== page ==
Yesterday, on one of the conference calls that make up much of my working life, a problems with words arose. This is not unusual. My company’s products and services straddle the finance and high tech worlds, where jargon and acronyms rule the earth. This conference call was typical, involving people from IT, finance, training, documentation, management.

Having been  ‘tasked with’  creating training*, we were working on  putting together a list of items that the salespeople were going to need training on. About a half hour in, I meekly suggested that we needed to translate the items from various preliminary lists into the words our customer uses to describe various processes. Making a list of items where there is no agreement on what those items mean is not going to be very helpful.

The team seemed in general agreement wit this observation, and assigned people to do this thing. We may all end up meaning pretty much the same things when we use the set of words used in the document. This is a minor illustration of how people, no matter what they say they believe, always behave as Aristotelians whenever they try to get anything done. Idealist, Nominalist, Marxist, Deconstructionist: they all call a plumber when the pipes need work.

Let me explain. No, there is too much. Let me sum up: Say my sink backs up.

Aristotle:  I, a rational soul in the physical world, with a mind capable of receiving sensations and processing those sensations to arrive at perception which end up after further mental work as conditional knowledge of the physical world, see that my sink is backed up. Since I desire the sink to be unclogged, I exercising my free will and intellect and call a plumber, who is another rational soul who existence, like that of the sink and the world in general, is in no way contingent on me. This plumber I will choose based on him having special, detailed (if nonetheless contingent) knowledge on the workings of plumbing – hence the name ‘plumber’. He and I will deploy words, the truthfulness of which is solely based on how well they correspond to the reality to which we are applying them. I expect that, in exchange for some consideration, this plumber will be able and willing to unclog my sink.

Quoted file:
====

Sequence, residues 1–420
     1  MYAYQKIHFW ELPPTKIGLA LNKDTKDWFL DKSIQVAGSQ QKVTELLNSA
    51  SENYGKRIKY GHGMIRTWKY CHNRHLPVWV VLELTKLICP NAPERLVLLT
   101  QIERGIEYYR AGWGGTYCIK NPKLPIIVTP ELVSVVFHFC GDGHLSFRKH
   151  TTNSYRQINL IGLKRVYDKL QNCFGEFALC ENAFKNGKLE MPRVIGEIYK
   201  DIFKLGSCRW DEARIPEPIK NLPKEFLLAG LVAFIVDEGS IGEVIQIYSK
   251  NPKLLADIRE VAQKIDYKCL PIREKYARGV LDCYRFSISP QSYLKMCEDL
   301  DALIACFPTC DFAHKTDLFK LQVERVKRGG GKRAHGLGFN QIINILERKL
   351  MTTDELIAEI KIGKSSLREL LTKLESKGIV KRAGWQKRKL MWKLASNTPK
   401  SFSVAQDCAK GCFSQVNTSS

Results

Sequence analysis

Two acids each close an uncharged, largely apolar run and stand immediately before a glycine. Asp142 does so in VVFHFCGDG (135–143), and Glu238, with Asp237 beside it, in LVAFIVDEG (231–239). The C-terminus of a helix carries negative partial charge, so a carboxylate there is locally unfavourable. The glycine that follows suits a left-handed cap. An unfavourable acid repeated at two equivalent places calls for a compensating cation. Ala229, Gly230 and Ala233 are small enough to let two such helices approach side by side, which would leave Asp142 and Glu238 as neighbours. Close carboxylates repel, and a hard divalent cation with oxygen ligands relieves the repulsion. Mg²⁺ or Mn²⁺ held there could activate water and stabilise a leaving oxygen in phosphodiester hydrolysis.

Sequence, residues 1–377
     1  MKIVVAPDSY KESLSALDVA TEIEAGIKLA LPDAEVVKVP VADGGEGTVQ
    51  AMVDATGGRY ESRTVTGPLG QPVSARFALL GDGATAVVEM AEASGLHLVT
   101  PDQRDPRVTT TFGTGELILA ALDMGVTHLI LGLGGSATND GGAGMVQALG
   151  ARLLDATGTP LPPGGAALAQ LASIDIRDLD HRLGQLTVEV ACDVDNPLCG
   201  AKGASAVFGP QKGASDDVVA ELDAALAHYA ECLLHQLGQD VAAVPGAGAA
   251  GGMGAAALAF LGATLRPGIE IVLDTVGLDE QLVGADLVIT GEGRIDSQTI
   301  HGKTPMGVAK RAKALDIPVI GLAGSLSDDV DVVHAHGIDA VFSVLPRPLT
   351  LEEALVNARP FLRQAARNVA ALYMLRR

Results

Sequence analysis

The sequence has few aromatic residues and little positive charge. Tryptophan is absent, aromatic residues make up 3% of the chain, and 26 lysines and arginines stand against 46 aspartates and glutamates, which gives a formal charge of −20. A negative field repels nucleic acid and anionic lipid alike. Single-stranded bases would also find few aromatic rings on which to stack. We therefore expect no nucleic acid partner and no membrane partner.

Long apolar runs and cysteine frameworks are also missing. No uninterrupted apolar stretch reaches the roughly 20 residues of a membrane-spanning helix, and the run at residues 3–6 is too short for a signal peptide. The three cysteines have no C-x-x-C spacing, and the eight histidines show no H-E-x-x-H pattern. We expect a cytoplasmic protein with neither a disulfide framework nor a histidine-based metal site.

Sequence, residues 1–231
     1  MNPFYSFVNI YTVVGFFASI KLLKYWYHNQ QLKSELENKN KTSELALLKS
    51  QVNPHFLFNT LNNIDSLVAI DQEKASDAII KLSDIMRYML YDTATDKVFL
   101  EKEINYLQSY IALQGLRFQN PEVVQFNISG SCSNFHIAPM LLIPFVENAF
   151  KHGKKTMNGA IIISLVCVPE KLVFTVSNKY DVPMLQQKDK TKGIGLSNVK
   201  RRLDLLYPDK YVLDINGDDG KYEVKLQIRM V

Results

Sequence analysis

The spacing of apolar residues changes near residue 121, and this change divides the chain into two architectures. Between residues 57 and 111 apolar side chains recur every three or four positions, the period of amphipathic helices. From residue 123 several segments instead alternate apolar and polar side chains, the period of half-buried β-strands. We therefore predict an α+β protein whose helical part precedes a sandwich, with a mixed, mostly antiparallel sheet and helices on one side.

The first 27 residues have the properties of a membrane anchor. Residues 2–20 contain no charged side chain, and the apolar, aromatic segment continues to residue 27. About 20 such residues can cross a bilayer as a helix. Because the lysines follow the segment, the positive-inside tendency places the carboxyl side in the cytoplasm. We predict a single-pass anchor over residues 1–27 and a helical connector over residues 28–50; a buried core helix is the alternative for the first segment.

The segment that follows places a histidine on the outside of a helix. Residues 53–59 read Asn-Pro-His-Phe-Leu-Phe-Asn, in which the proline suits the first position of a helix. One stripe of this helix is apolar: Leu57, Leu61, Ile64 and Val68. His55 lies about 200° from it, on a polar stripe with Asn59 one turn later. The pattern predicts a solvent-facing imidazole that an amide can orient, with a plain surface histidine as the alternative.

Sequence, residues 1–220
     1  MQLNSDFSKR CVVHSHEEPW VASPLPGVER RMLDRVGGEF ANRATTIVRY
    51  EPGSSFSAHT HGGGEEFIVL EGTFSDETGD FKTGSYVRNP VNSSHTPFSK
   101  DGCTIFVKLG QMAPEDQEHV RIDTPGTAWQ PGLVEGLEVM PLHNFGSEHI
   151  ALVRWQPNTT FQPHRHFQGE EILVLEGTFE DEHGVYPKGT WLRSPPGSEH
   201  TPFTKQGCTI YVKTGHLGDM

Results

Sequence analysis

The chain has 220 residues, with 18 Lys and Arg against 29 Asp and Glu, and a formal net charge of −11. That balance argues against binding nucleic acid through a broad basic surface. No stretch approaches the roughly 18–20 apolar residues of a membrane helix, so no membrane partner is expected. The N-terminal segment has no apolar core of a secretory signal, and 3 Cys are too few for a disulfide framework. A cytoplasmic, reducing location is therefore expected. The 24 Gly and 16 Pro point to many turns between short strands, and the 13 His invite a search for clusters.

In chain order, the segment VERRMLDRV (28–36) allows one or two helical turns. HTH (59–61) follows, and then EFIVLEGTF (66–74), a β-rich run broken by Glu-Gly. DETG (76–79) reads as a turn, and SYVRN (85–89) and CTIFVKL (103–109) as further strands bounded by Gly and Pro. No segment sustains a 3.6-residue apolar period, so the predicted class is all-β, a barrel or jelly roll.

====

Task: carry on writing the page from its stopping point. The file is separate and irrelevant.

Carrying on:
Idealist: I profess that the only knowledge I have is of  my own mind, whatever ‘mind’ may be. I have no evidence that an external, objective world exists, per Descartes’ evil demon. l only claim to know of some things in my mind as I whistle past the rather obvious  notion that the evil demon could just as easily put those ideas there as well. So, sink? What sink? Plumber? What plumber? But, alas! Within my utterly self contained and demon-haunted mind the prospect of a flooded, stinky floor seems real-ish. Real-ish enough for me to act as if I exist in an Aristotelian universe and call a plumber. We’ll call this ‘irony’, because ‘intellectual dishonesty’ and ‘hypocrisy’ and ‘self-delusion’ are such harsh words.

Nominalist: Universals like ‘sink’ and ‘plumber’ and ‘clogged’ don’t exist, which makes talking about any particular sink, plumber or clog difficult, if the impossible can be called difficult. I might want to call a plumber, but since that particular whozit isn’t looking at this particular whatzit  having this particular cablooey, I’d have to use words representing universals to ask his help. But I can’t. In fact, I’m not even having this internal discussion, either, as it is impossible. But, alas! The illusion that there are abstract universal concepts shared by both me and any potential plumber and manifested in a particular way in this particular clogged sink just won’t go away. In my inarticulate weakness, I’ll have to call – using meaningless  deceitful words – a plumber, who – miraculously – knows stuff about sinks and clogs in general that he claims – impossibly! – to be able to apply to this particular never before seen by him clogged sink item thing. I’ll simply mock anyone who points out how stupid this thought process is, and layer on the obfuscatory nonsense. Then I’ll behave exactly as if in a world as described by Aristotle.

And so on.

* I am assured that completing what we’ve been ‘tasked with’ will be easier once I’ve been ‘on-boarded’. Resistance is futile.

Author: Joseph Moore

Enough with the smarty-pants Dante quote. Just some opinionated blogger dude.

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